Sections

Adventure
Animals
Childhood
Comedy/Humour
Crime/Detective/Spy
Fantasy/Science Fiction
Historical
Multicultural
Romance
Social
Thrillers
War


 "People say that life is the thing, but  I prefer reading." - Logan Pearsall  Smith

 "Reading maketh a full man." -  Francis Bacon

 "The reading of good books is like a  conversation with the best men of  past centuries." - Rene Descartes

 "A good book is the precious  life- blood of a master spirit." - John  Milton

 "A good book is the best of friends,  the same today and for ever." -  Martin Tupper

 "All books are either dreams or  swords, You can cut, or you can  drug, with words." - Amy Lowell

 "People die, but books never die." -  Franklin D. Roosevelt

 "Books do furnish a room." -  Anthony Powell

 "Books think for me." - Charles  Lamb

 "A good book is the purest essence  of a human soul." - Thomas Carlyle

 "The proper study of mankind is  books." - Aldous Huxley

 "I have rather studied books than  men." - Francis Bacon



Finding Books


Fiction Books

Description

What is a Fiction book? A Fiction book is a book which is made up or tells a story. It can be called a fiction book, a novel or a story book.

Arrangement

How are the Fiction books arranged in the LRC? They are arranged in alphabetical order under the first letter of the author's surname e.g. a book written by J.K. Rowling is on the shelves under R for Rowling.

The Fiction section of the LRC is divided into various sections which are colour-coded to distinguish them. Thus,

Junior Fiction is GREEN. The spine labels on these books have the first letter of the author's surname e.g. W for books by Jacqueline Wilson.

Teenage Fiction is YELLOW. The spine labels on these books also have the first letter of the author's surname e.g. P for books by Philip Pullman but these labels are yellow.

Senior Fiction is BLUE. The spine labels on these books have the first three letters of the author's surname e.g. D for books by Charles Dickens.

Quick Reads have an ORANGE label on their spines. These include the following series:

Graffix
Jets
Spirals
Tremors

Scottish authors have a white spine label with a RED S on it.

Remember to look in the New Titles section where all the new books are displayed. The trolley houses all the returned books so you can check and see what others have been reading. There may be just the book for you!

Finding Fiction Books

How do you find a particular book in the LRC? You can check the LRC Computer Catalogue via the PC nearest to the counter. This PC houses ALICE, the LRC' s special library software. Type in the Inquiry point on the PC, the author's name, the title, the name of a series [such as Goosebumps] or keywords such as Funny Stories. At the PC, information is posted so that you can follow the various steps. This Inquiry point will tell you if the book is in the Library or on loan, as well as all the books in the LRC by a particular author, titles or series. For further information about using the LRC Catalogue, refer to the How to Use the LRC Catalogue [LRC Guides 3] or ask the librarian for help.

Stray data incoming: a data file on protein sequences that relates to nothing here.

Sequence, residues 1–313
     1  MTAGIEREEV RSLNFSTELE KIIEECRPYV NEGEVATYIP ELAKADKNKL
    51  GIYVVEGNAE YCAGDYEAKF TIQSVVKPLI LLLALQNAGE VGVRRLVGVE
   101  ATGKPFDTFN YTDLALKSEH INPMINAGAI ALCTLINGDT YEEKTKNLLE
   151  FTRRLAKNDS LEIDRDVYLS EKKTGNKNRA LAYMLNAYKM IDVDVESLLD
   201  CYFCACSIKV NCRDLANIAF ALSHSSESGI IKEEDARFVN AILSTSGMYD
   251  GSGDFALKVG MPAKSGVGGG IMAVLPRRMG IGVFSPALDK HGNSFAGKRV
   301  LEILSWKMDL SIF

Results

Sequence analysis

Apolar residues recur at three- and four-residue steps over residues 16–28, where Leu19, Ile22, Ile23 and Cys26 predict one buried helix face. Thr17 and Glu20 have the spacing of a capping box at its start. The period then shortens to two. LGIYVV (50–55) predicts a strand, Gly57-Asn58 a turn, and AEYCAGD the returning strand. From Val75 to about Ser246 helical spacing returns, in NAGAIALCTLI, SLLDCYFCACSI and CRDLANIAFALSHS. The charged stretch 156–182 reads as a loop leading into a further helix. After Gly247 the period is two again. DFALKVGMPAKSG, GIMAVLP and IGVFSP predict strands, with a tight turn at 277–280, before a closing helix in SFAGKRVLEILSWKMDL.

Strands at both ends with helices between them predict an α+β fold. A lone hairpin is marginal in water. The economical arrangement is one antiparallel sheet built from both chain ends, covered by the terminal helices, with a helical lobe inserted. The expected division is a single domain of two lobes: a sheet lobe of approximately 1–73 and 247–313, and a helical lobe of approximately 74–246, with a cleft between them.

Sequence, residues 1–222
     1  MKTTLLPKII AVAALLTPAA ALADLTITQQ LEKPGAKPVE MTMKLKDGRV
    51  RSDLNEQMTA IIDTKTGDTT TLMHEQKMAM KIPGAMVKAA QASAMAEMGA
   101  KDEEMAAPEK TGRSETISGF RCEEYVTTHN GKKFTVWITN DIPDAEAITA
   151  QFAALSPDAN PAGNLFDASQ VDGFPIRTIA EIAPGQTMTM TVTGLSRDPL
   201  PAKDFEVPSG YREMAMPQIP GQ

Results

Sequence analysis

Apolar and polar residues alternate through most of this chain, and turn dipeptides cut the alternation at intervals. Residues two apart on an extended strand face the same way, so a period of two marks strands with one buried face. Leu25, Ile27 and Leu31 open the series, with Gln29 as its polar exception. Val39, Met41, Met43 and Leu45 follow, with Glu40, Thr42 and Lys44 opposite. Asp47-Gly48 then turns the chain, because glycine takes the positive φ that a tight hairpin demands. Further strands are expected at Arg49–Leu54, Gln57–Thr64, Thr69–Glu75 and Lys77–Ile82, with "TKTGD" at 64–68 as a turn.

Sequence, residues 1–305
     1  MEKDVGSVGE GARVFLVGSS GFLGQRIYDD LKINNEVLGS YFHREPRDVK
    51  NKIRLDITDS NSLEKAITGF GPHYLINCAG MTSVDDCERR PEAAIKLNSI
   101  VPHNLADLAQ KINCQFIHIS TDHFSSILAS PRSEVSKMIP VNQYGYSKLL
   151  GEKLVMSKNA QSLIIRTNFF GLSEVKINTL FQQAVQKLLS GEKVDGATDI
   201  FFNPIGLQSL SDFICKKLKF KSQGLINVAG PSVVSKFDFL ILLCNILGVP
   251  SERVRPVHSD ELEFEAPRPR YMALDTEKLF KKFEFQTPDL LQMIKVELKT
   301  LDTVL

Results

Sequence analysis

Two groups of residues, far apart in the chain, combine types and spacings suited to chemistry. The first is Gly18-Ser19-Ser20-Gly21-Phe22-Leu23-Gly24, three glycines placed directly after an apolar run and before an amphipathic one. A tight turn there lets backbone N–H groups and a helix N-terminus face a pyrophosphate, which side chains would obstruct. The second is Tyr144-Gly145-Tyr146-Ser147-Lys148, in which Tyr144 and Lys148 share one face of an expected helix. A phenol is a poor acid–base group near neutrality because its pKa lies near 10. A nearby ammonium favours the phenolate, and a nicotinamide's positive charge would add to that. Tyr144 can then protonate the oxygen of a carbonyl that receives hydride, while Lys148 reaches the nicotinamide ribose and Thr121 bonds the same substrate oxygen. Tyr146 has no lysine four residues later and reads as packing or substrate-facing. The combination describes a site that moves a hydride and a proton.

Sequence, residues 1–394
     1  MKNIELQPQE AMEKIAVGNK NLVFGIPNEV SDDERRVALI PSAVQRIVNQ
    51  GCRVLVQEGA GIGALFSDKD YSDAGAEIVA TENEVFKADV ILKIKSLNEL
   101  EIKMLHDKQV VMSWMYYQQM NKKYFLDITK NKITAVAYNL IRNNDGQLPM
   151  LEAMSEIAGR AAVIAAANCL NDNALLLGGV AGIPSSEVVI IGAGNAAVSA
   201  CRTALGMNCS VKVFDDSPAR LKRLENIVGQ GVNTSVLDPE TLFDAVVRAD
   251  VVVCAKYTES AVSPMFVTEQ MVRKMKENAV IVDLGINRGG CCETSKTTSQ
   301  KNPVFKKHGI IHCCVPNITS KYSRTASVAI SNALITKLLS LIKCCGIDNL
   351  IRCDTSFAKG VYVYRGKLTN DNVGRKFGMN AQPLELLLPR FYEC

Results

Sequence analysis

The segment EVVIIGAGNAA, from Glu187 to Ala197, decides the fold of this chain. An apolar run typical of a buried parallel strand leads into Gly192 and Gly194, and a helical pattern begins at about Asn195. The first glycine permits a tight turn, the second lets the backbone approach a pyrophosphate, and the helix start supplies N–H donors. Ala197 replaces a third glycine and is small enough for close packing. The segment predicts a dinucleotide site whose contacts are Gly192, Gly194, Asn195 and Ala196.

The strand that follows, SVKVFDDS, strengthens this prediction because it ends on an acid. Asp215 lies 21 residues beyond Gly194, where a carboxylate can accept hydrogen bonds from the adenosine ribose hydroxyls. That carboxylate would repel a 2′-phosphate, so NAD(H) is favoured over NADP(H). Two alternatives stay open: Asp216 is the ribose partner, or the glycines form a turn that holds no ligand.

For further information about Fiction books, refer to the green How to Find Fiction Books [LRC Guides 1] or ask the librarian for help.

Information Books

Description

What is an Information book? An Information book is a book which contains facts, things which are true. It can also be called a non-fiction book.

Arrangement

How are the information books arranged in the LRC? They are arranged by subjects e.g. all the football books are kept together in the same place on the shelves. The subjects are given a code number according to a classification system devised by an American, Melvin Dewey, and this system is called the Dewey Decimal Classification. The code numbers run from 000 to 999 as follows:

000 General subjects
100 Philosophy
200 Religion
300 Society
400 Language
500 Science
510 Maths
520 Astronomy
530 Physics
540 Chemistry
550 The Earth
560 Fossils
574 Biology
580 Plants
591 Animals
600 Technology
700 The Arts
720 Architecture
741 Drawing
770 Photography
780 Music
790 Games
792 Theatre
796 Sports
800 Literature
900 History and Geography

Thus, the football books can be found under Sports 796 at 796.334, books on Fossils can be found at 560, etc.

All the Information books are found in the RED section of the LRC and their spine labels contain the code number e.g. 796.334.

Finding Information Books